But to be honest, this is a clumsy work-around; you should get more recent edit software. It's usually possible to get something like Premiere for very little money when you buy certain pieces of hardware and it is very complete.

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#3 Patrick Cooper

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Posted 26 October 2009 - 10:11 PM

Thanks Phil!

"Since there is no low-level difference between the two, you can safely edit your entire production in your old software, grin and bear the distortion you're looking at while you work, and simply note to the people who're going to be using it that it's in 16:9."

So this includes a video file that is on a finished DVD? I am sort of rushed for time (not enough time in a day to be playing around with software correcting the aspect ratio problem myself.) If the crowd receiving this can restore the film to it's original aspect ratio from the DVD, then I'll be more than happy with that.
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#4 Phil Rhodes

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Posted 27 October 2009 - 09:36 AM

There is a marker on the DVD that will tell the playback equipment that it's 4:3, but you should be able to make it clear to the receiving organisation that this is to be ignored - most equipment lets you set things manually, too. It isn't so much a case of "restoring it to the right aspect ratio" as just assuming that it already is the right aspect ratio.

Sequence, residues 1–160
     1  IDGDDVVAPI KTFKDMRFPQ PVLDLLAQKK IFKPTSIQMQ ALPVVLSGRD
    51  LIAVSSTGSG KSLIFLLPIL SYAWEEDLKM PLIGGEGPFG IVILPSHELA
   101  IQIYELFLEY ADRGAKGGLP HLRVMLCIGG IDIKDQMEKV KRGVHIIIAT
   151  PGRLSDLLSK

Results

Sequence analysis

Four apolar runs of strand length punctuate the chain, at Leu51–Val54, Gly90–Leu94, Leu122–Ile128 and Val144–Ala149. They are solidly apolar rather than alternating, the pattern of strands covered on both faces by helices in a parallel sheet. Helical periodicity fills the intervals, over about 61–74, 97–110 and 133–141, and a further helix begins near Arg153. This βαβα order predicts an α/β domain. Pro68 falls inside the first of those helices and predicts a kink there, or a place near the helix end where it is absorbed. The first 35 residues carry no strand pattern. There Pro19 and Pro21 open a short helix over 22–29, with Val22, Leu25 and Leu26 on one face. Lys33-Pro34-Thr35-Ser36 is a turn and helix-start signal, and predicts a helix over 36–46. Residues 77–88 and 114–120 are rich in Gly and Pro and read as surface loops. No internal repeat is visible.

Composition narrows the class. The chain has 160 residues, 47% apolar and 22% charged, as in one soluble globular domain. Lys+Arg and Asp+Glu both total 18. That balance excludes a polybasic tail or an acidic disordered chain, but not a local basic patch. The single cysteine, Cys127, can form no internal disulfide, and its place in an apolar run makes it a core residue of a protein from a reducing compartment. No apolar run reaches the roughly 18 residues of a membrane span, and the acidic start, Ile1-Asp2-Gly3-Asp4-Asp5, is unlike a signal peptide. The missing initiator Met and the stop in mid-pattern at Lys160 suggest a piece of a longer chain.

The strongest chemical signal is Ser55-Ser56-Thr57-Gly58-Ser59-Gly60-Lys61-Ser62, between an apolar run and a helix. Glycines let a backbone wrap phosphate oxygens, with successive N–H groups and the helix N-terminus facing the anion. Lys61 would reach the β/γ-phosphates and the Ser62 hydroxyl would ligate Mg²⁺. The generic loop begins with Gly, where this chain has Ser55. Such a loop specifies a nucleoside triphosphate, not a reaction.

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#5 Patrick Cooper

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Posted 06 November 2009 - 02:28 AM

Thanks for confirming that, Phil.

Update: Well this is interesting. When I finished editing the film and played it back in Windows Media Player, it was in it's original widescreen format. However, when I made a DVD of the video file (using relatively recent DVD burning software) it was again squashed to 4:3 aspect ratio.
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#6 David Desio

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Posted 06 November 2009 - 09:59 AM

Thanks for confirming that, Phil.

Update: Well this is interesting. When I finished editing the film and played it back in Windows Media Player, it was in it's original widescreen format. However, when I made a DVD of the video file (using relatively recent DVD burning software) it was again squashed to 4:3 aspect ratio.



Do you have After Effects? You could try brining in the capture scratch files, and seeing how AE displays them. If it is still 4:3 then try making a comp in the aspect ratio that you want and resizing the video manually to fit. So if the video looks squished, resize it until it looks normal. Then export the file as an animation and bring that into your NLE.

I don't know the NLE that you are using so this may be all for nothing. But have you tried just manually stretching the footage in your editing program to the correct apsect ratio?
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CineLab

Technodolly